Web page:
The Poets of Witch County: A review of the Women’s Poetry Evening, 16th May 2018 (part of Museums at Night)

An audience of over 40 people gathered in the Munnings Studio on 16th May to celebrate the voices of ten female poets from Essex and Suffolk. After a short introduction by Museum Director Jenny Hand and Tim Gardiner (the Museum’s Poet-in-Residence for 2018), the first half was hosted by Wivenhoe’s Lelia Ferro who picked four poets to read. Lelia began by reading a poem from her First Site Residency before moving on to estuarine themes (in Mahala) with such wonderfully evocative language (‘moonlit tombstones’ and ‘purple asters’). The Witch of Wivenhoe then took the evening in a different direction.

People sitting listening to the poet speak
The audience listened to powerful poetry.

Next up was another Wivenhoe poet, Alex Toms, a key member of Poetry Wivenhoe and winner of many poetry prizes. The witchy theme continued with The Summerlands about teenage experiences of witchcraft. There were also sensitive poems of transformation (The Poacher’s Daughter). Alex is known for her love of eels and she did not disappoint with The Eel-Catcher Calls Me Home.

Lelia’s next poet, Sarah Bevins, took over the witches’ broom, introducing a pagan feel to proceedings clearly attuned to nature. Some delicate poetry followed, beautifully read by Sarah. Poems such as Beach Spoil (with its ‘café latte shore’) and Plastic Spoon (‘tumours of plastic’) displayed a heart-felt concern for environmental issues.

Judith Wolton, Lelia’s third poet, read a diverse mix of poems concerning swallows, the Old Man of Coniston, crows, painted lady butterflies, fig wasps and finishing rather aptly with And No Birds Sing, a poem aligned to the pioneering environmental work of Rachel Carson.

The first half finished with Carol Webster, who is an academic studying other worldly experiences. Witches featured again along with Wivenhoe Church via Wivenhoe Books and its ‘moth husks.’ Carol finished a quick-fire set with the West Highlands and the ruined clearance villages. This got me thinking of a song (Letter from America) by the Scottish band, The Proclaimers, who opined the exodus of people during the clearances in the eighteenth and nineteenth centuries.

After audience and poet were refreshed with food and drink from the café, Felixstowe poet and English teacher, Alex Davis, hosted the second half. Alex kicked off with her own brand of maternal poetry, recalling family walks up Mam Tor and down into Blue John Cavern in the Peak District. An emotional reading of a poem about her nan (Nel) followed. In Titania, she recalled a flowery dress which caused some consternation in a colleague. A very diverse set from Alex set the evening running again.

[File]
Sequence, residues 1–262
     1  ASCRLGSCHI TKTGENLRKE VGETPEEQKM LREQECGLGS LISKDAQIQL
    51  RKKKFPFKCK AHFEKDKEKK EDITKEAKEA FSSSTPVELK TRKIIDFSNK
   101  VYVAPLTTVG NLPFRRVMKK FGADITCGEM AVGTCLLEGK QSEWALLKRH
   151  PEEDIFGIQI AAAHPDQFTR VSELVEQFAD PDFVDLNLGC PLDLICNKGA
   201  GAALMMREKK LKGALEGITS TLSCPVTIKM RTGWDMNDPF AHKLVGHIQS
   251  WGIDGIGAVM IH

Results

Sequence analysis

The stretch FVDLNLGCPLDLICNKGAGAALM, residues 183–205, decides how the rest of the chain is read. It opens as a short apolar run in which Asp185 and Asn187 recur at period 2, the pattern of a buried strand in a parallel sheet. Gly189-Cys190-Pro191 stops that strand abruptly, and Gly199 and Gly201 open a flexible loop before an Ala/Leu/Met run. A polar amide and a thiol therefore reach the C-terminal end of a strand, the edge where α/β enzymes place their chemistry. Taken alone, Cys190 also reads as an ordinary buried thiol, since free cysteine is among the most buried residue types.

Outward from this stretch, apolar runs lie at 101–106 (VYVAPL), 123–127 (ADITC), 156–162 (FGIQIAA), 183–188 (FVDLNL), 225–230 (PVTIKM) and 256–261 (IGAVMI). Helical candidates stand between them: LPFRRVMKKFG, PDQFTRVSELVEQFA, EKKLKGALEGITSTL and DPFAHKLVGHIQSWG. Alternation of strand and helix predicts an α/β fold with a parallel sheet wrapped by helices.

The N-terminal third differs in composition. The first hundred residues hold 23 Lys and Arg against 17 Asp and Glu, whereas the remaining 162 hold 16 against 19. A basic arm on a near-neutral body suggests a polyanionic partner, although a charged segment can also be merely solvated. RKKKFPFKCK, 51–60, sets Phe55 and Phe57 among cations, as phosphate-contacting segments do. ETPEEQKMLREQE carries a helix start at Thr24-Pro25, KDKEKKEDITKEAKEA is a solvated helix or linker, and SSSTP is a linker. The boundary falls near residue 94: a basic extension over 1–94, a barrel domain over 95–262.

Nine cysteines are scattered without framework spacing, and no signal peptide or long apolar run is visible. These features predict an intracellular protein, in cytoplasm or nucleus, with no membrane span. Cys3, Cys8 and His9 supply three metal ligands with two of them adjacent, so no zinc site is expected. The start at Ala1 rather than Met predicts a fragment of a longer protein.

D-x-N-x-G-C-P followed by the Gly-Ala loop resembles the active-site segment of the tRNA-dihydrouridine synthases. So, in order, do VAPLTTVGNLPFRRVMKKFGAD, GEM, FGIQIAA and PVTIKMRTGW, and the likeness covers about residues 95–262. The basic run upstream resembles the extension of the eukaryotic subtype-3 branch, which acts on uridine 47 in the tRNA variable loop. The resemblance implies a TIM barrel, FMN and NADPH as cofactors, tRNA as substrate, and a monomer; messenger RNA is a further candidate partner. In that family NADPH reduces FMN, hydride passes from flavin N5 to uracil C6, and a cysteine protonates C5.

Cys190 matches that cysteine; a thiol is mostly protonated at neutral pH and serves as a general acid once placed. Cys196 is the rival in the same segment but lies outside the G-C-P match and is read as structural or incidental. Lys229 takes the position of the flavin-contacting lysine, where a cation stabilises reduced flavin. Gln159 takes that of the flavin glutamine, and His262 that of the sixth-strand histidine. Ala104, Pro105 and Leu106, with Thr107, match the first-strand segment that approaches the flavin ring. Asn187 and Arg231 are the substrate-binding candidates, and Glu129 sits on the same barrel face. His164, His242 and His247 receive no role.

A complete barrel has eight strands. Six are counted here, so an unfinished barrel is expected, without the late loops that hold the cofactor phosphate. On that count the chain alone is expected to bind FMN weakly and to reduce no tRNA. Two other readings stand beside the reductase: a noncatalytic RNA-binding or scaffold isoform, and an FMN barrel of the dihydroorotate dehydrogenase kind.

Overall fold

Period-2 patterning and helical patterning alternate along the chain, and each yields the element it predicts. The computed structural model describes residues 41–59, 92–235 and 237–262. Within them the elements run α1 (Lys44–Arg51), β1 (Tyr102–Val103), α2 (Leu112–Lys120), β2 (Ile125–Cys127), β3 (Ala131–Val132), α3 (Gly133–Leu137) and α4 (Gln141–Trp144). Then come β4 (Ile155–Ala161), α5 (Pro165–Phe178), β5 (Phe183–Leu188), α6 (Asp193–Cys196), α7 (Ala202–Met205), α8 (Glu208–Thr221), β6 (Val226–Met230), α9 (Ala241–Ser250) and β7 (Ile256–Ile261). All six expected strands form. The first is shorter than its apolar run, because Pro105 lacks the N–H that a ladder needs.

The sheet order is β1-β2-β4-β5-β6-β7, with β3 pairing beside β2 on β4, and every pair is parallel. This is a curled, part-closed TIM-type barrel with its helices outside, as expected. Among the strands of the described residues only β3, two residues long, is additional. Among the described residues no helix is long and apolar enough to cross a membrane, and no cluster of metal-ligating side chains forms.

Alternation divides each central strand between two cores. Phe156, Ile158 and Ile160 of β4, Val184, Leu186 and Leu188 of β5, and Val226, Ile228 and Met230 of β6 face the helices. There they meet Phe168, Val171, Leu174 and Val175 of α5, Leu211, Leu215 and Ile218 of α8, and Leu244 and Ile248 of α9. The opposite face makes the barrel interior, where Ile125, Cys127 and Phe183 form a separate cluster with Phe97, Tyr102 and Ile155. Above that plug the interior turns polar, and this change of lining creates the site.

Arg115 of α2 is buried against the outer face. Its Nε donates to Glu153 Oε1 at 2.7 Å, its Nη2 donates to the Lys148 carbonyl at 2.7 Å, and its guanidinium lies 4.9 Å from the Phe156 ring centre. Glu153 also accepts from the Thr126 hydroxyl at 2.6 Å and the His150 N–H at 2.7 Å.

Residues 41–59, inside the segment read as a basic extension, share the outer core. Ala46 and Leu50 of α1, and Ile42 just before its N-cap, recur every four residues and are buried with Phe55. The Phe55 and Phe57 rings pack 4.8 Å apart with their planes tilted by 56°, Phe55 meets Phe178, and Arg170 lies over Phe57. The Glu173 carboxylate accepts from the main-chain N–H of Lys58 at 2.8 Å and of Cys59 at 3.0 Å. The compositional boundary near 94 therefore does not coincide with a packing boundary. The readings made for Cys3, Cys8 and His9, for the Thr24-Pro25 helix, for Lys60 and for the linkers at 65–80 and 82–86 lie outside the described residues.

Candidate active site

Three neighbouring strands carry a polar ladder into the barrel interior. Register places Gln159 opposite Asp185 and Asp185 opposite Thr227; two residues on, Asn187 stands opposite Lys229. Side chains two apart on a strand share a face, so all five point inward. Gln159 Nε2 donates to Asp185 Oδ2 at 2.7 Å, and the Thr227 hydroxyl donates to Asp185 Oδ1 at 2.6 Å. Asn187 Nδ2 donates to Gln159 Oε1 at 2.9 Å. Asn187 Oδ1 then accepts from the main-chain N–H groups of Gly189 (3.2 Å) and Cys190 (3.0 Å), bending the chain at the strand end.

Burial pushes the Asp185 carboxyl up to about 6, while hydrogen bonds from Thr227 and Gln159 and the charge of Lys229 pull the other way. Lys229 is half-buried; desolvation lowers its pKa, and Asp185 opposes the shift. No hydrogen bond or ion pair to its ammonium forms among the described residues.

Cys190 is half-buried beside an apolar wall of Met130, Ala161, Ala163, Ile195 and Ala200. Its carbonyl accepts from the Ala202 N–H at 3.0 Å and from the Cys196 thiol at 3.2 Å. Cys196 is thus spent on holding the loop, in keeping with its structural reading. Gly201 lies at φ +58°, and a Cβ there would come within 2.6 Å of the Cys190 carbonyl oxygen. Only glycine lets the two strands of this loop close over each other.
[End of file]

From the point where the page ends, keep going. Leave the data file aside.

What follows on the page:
Alex’s first choice of poet, Rosalynde Price, confidently delivered a series of superb poems: Distance, Puddle, Hive Mind, Stars, Rooks, Fox, and Heifers. Roz is a regular on the East Anglia poetry scene and it was lovely to hear her words.

Award winning poet Pam Job juggled humour and poignancy well and transported us from Water Buffalo in Wivenhoe (with references to Kilimanjaro), to the cherry blossoms of Mount Fuji. Pam also read a poem written during Alex’s Emily Dickinson workshop in Wivenhoe.

Alex’s third choice of poet, Fran Reader, blended the political with the personal, even managing to fit in references to male and female genitalia. Fran opened with a sestina (Object) which was a powerful feminist poem in response to the Me Too Movement. Fran expertly used humour to convey the message of her poetry with good use of form.

Alex’s headline act was award winning Suffolk poet Rebecca Goss. Rebecca’s first poem was about a train journey to a poetry reading and Capri-Sun drinkers. The humour of this poem contrasted with the solemnity of the next, Reverse Call Charges, in which Rebecca imagines what she would tell her younger self of the pain to come in later life. Rebecca then moved seamlessly on to the work of artist, Alison Watt, and the erotic connotation of fabric with the poem To Say Everything Is White. Rebecca finished with Suffolk poems and talked about her forthcoming collection. Blacksmiths and Thatchers are notoriously hard to write poetry about as Rebecca espoused; they’re just too happy!  Rebecca finished an excellent set with two poems: Molly and Pip (about her daughter and their dog) and White Currants.

The poetry evening was a resounding success with standing room only, the audience enjoying some of the finest female poets that East Anglia has to offer. After last September’s well attended poetry evening, the Museum is fast becoming a top venue for poetry in north Essex.